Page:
And, sometimes, the East will come to them, to Saintes-Maries-de-la-Mer. Sometimes, a strange line of long Mercedes stops nearby the gypsy festivals. Princes emerge, greet their hosts in the midst of screaming children, women doing the dishes, and lines of clothes drying. They come to pay honor from the descendants of the Bedouins of the desert to the sons of the wind. These people came long before the Gypsy Kings became famous. The three Magi pay their visit to another tribe of Magis. Nicolas sings "Viento del arena" to them, which he composed while in the Emirates.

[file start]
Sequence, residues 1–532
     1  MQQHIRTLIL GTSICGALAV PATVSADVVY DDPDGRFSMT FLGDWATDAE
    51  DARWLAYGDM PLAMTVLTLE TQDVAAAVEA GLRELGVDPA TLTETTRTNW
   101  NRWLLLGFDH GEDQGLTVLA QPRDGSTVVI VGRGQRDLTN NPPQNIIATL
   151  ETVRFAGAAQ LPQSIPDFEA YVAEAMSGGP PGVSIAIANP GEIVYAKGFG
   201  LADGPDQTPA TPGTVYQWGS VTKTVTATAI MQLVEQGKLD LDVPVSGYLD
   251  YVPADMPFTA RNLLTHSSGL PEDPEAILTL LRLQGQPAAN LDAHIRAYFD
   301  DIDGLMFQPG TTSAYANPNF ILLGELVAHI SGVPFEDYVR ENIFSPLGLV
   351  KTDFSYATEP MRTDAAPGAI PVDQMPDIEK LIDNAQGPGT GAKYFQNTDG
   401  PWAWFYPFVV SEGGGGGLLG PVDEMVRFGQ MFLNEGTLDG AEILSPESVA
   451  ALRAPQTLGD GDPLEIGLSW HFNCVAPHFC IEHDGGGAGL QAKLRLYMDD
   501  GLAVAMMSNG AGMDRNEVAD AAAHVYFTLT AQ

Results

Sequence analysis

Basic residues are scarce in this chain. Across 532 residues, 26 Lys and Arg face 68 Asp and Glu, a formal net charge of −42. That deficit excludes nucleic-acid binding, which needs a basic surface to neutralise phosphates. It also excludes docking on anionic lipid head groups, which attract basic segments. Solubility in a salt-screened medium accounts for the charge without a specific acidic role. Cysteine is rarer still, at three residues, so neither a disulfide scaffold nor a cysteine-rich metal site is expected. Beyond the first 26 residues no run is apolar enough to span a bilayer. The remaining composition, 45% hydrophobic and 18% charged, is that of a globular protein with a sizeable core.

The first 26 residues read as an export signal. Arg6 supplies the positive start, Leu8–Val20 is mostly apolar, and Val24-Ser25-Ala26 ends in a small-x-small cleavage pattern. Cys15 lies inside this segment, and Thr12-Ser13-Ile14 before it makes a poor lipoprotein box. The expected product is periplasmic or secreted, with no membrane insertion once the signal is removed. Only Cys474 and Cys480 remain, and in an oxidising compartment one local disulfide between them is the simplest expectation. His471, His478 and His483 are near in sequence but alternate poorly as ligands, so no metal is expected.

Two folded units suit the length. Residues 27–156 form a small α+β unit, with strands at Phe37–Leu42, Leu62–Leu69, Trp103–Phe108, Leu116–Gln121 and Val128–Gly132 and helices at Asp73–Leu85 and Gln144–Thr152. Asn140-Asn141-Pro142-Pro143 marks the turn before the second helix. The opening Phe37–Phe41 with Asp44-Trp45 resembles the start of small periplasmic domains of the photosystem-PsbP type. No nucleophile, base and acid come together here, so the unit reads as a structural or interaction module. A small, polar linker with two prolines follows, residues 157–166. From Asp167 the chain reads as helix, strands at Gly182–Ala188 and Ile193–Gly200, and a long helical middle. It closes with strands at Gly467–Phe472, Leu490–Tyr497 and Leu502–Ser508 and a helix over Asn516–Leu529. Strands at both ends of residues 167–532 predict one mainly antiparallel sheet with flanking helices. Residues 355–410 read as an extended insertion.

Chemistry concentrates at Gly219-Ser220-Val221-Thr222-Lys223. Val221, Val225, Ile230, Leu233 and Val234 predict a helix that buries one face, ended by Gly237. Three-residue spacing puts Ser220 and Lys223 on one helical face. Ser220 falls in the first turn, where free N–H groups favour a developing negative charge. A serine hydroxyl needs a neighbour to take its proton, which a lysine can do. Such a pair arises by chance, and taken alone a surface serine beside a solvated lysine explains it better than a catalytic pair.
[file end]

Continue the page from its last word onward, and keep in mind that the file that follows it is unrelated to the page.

They continue from day to day in Saint-Tropez. Meanwhile, a second album, with José Reyes, comes out in Switzerland, but who in Saint-Tropez, or in Paris, has any idea of what will happen? An American film producer, Don Moss, who is vacationing on the French coast, praises them enthusiastically. He writes to them, phones them from the U.S.. But nothing further happens. Chico makes attempts to approach Eddie Barclay, who had hired them for certain parties. He receives them in his villa one afternoon. Charles Aznavour is playing the piano. The gypsies play too. Aznavour and Barclay admire them and say so. But, again, there’s no follow-up.